Warwick historic saleyards bring in the visitors
FROM the outside, the Warwick Pig and Calf Sale might not look like a big money-making operation but it has the selling power to draw vendors from across southern Queensland.
In early October, Rob White and Rhonda Pankhurst travelled about 600km from Theodore in central Queensland to sell a mob of 18 saddle back and large white pigs.
The Warwick sale was the closest they could find.
"The places to sell are getting few and far between, these pig and calf sales used to be everywhere once, but not any more,” Mr White said.
"We looked online and every agent referred us to Warwick or Toowoomba.”
In the past, the couple bred a small number of pigs to sell as killers to nearby butchers but a recent bumper birth rate prompted a different approach.
"We tried to cut our numbers down, but they breed up anyway, and it cost too much to feed them up the size of those bigger pens,” Mr White said.
"We finished up with 36 pigs within a matter of months, we only have a little block of land.
"What my aim is now is to have three sows and a boar, I'll mate them and bring the majority of the weaners down here.
"I'll keep some to grow out to sell as meat around Theodore.”
Mr White is just one of the hundreds of vendors who travel to Warwick for the sale through the year.
It attracts regular buyers and sellers from Ipswich, Toowoomba, Brisbane and the Western Downs.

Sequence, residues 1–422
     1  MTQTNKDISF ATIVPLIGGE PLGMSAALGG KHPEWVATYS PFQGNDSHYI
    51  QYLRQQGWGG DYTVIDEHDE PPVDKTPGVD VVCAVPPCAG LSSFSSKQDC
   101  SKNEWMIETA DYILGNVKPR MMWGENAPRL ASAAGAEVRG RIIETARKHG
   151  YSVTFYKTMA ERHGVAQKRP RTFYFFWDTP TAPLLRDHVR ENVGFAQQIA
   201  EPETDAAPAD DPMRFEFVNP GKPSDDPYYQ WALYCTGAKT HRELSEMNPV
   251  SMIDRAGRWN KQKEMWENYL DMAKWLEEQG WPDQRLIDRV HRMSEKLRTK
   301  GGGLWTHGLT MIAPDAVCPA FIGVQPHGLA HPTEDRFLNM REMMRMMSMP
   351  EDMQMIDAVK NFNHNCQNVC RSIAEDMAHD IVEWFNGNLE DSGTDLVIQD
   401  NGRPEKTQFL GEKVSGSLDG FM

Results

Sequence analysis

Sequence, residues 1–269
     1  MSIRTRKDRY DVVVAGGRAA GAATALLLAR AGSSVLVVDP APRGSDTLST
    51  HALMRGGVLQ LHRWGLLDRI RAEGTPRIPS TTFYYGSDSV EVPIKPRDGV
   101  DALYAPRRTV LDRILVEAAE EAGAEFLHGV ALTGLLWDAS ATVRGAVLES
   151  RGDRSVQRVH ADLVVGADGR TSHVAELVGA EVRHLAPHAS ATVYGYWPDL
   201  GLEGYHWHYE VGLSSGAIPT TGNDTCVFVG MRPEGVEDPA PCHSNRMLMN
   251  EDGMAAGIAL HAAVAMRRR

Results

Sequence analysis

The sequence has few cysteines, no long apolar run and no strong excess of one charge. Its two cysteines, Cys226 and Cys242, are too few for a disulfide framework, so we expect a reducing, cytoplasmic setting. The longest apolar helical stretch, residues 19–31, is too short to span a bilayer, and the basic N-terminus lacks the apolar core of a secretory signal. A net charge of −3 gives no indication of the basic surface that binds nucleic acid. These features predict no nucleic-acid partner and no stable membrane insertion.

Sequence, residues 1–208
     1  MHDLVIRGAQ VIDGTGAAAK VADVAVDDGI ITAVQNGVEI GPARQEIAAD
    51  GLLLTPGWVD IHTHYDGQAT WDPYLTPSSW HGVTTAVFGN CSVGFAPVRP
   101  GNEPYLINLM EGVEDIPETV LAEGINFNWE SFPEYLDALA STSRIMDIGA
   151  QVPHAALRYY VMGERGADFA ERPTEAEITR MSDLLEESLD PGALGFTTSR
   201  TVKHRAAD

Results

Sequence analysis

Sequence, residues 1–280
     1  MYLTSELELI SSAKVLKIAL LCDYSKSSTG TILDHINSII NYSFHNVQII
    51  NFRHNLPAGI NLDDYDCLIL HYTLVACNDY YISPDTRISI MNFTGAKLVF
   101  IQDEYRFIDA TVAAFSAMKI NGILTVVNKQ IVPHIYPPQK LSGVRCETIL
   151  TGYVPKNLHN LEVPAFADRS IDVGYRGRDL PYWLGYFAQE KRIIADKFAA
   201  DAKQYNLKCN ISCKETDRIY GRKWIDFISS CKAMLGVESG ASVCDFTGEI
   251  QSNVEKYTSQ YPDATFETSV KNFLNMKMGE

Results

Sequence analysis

Stock agency McDougall and Sons owns the site and auctioneer David Maher said the fact it was held by a private company was probably what ensured its long-term survival.
Mr Maher's family has a long association with the yards.
"I had a great-uncle, he was one of Charlie Fraser's first drivers and he used to work for McDougall and Sons,” he said.
"He'd go around the district buying up a few cattle and walk them into the yards.
"Gerard McGee was his name. Those yards have been around a long, long time, I think it could pre-date road transport.”
As a boy, Mr Maher would attend the weekly sale and see a calf shed overflowing with stock. Though numbers have dropped, he said it was a really special thing to have a combined pig, calf and poultry sale.
"I'm probably going out on the limb here but it would be the only one in the southern half of Queensland,” Mr Maher said.
Back in the day most small towns would have a small selling complex, generally located near the rail line.
This gave meatworks operators an easy place to buy and transport stock, but Mr Maher said improvements in road freight changed the game.
"As road transport got better those smaller centres closed up and merged into the major selling centres you see around the place,” he said.
"Road transport makes it pretty easy to get livestock in and out.” The closure of Queensland's small sale yards tracked closely with the decline of the state's dairy industry.
"A lot of it comes down to throughput and it's declined over the years, even before my time... every dairy would have surplus bull calves they'd sell.”
Mr Maher said at times, up to half the crowd would be tourists who heard about the sale and wanted to visit.
"You'll get people who have some to town to visit family, they'll come to the sale and then you might not see them for six months,” he said.
"The yards have been on just about every weekender show, that's a bit of publicity in itself.”